Tips for growing kale in home vegetable gardens. Learn how to plant, grow, and care for kale plants in your garden. Kale is a member of the brassica or cabbage family; along with cauliflower, brussels sprouts, and collard greens.
It is considered a cool weather vegetable.
Kale is frost tolerant; and the taste grows sweeter after the plant is exposed to a frost.
Kale is rich in many important nutrients such as calcium, iron, vitamins C and K, and Carotenoids.
Kale is thought to be the hardiest of all vegetable plants.
It is also usually not susceptible to garden pests or diseases.
Ornamental kale plants are often used for their colorful purple and green leaves as a winter-growing decorative plant.
The vegetable kale can reach up to 12 inches high and spread as far as a foot.
Growing kale can tolerate partial shade as long as the plants receive five hours of sunlight per day.
The plant is very frost tolerant and can survive heavy frosts. Kale prefers a pH level of 6.0 to 7.0.
The hardy cabbage has curly dark green leaves and no heart. Although, we still love the vegetable!
In springtime, plant kale five weeks before to two weeks after the last expected frost.
In the autumn, kale can be planted six to eight weeks before first expected frost.
The flavor of the fall crop is best when kale is put on hold until after first frost.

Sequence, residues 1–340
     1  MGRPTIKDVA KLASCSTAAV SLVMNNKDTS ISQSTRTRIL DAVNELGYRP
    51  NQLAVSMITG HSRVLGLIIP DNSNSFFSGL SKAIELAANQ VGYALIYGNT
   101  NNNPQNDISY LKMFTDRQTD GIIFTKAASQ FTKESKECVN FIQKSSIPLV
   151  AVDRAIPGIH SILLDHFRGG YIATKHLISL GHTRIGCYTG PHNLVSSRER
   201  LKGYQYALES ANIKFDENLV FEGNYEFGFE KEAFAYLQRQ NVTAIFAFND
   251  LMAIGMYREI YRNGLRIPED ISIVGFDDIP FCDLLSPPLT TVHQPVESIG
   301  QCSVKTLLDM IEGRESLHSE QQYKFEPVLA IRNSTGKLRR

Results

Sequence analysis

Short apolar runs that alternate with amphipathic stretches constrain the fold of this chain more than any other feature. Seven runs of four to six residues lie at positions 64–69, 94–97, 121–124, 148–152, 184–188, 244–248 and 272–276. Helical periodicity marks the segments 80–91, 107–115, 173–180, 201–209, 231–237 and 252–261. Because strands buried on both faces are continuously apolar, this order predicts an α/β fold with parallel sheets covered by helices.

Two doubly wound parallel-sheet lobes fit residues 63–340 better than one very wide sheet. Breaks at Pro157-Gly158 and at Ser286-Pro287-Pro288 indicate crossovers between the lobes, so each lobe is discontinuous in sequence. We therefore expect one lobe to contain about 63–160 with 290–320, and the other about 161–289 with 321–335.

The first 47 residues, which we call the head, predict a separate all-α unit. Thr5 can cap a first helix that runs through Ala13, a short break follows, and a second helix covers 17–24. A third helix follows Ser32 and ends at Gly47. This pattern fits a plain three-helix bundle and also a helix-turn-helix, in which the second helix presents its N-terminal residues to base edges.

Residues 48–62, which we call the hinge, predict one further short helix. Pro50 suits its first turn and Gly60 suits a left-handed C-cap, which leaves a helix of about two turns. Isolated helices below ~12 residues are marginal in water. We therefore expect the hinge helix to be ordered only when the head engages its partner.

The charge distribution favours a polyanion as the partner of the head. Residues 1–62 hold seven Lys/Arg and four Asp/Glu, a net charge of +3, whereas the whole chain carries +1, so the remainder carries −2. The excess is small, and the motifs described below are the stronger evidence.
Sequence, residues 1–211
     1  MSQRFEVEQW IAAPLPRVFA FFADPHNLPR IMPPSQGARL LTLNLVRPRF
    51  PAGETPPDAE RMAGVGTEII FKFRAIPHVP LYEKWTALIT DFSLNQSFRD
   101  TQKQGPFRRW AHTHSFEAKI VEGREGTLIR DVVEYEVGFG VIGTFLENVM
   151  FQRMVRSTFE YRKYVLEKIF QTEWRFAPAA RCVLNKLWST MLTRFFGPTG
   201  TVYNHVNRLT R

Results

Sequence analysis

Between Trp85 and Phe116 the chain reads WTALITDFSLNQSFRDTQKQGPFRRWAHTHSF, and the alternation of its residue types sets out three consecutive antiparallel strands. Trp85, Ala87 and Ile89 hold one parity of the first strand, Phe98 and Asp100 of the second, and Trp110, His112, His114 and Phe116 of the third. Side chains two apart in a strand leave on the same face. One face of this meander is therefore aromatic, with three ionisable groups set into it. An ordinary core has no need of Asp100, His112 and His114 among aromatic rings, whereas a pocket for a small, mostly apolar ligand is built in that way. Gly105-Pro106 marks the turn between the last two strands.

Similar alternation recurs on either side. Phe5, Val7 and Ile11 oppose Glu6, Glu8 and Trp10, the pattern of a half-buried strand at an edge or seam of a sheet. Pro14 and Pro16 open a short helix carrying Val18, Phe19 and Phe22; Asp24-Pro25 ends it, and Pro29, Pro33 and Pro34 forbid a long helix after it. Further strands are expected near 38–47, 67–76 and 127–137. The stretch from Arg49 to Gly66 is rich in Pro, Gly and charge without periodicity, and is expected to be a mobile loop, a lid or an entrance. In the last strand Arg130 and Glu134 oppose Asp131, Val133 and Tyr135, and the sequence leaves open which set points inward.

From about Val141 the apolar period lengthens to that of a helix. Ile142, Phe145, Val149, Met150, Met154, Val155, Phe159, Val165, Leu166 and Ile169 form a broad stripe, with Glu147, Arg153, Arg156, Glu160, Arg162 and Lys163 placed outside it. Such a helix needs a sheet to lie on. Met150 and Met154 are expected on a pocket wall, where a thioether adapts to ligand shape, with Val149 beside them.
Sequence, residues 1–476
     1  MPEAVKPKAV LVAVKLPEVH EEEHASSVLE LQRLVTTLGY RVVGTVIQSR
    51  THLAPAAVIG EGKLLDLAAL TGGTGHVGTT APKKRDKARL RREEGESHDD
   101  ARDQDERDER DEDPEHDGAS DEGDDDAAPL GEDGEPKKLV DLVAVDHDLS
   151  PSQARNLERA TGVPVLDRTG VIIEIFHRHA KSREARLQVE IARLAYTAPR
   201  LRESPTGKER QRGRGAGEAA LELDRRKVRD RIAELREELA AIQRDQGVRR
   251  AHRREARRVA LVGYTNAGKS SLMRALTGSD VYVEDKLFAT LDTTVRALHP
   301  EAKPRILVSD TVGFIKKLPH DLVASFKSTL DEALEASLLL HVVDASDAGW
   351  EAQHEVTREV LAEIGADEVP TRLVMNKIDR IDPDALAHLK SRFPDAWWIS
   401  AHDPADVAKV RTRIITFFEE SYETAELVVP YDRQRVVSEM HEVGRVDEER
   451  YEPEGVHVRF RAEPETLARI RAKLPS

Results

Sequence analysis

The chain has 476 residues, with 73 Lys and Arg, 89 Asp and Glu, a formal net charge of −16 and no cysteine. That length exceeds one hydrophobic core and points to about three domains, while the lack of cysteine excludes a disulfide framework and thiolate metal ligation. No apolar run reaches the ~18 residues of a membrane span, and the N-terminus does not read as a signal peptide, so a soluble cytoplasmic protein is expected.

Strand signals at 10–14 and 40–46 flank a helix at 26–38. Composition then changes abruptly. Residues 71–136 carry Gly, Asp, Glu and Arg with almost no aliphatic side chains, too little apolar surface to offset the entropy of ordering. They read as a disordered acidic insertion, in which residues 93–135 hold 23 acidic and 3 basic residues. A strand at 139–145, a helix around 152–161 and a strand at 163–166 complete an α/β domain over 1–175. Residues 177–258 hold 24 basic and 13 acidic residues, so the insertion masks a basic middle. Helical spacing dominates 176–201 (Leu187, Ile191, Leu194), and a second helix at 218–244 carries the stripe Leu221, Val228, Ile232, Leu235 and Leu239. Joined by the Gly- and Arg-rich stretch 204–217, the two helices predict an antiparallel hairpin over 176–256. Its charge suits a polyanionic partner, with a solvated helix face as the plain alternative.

How to Grow Kale Download Free Garden Planning Worksheets, Garden Diary, Zone Chart, Or Planting Guide Plant kale seeds at a planting depth of ¼ to ½ inch. Space plants in rows of 12 to 18 inches. Spacing of beds should be 10 to 15 inches apart. The best soil temperature for germination is 40 to 70 degrees F. The ideal soil temperature for growing kale is 60 to 70 degrees F. Days to maturity is 55 to 75 days after direct seeding in the vegetable garden. Expect a harvest in 30 to 40 days from transplants. Kale does not typically grow well in the greenhouse. Any variety can be successfully grown in eight inch wide containers that are eight inches deep. Caring for Kale Plants in the Garden
Meeting the water requirements for growing kale is important for good production.
Make sure the plants get at least one inch of water each week from watering or rainfall.
Kale likes lots of water so for maximum productivity give it up to a half inch more than normally required every week.
Apply compost or timed released fertilizer in spring. Give the plants monthly supplemental light feedings of foliar spray or side dressings throughout the season.
Kale is known as a heavy feeder. For maximum production, in addition to the aforementioned once a month spring feeding, a second light feeding can be applied every two weeks during the growing period.
Growing kale plants especially benefit from a side dressing when the plants are six to eight inches high.
Additionally, use foliar sprays of liquid seaweed extract several times throughout the entire growth cycle.
Depending on the variety, kale plants should have tender, crisp bright green to blue-green colored leaves at harvesting time.
Frost improves flavor of growing kale, so wait until after the first frost to harvest.
You can expect to yield 15 to 30 pounds of kale from a 24 square foot vegetable garden bed.
One bushel equals 18 pounds.
Generally, 6 to 9 quarts can be canned or frozen from one bushel of fresh kale.
To keep fresh kale up to 2 weeks, refrigerate in plastic bags.
For a longer term storage method, mulched kale survives in the vegetable garden for two months from first frost.
The produce can also be canned or frozen and kept for a year.
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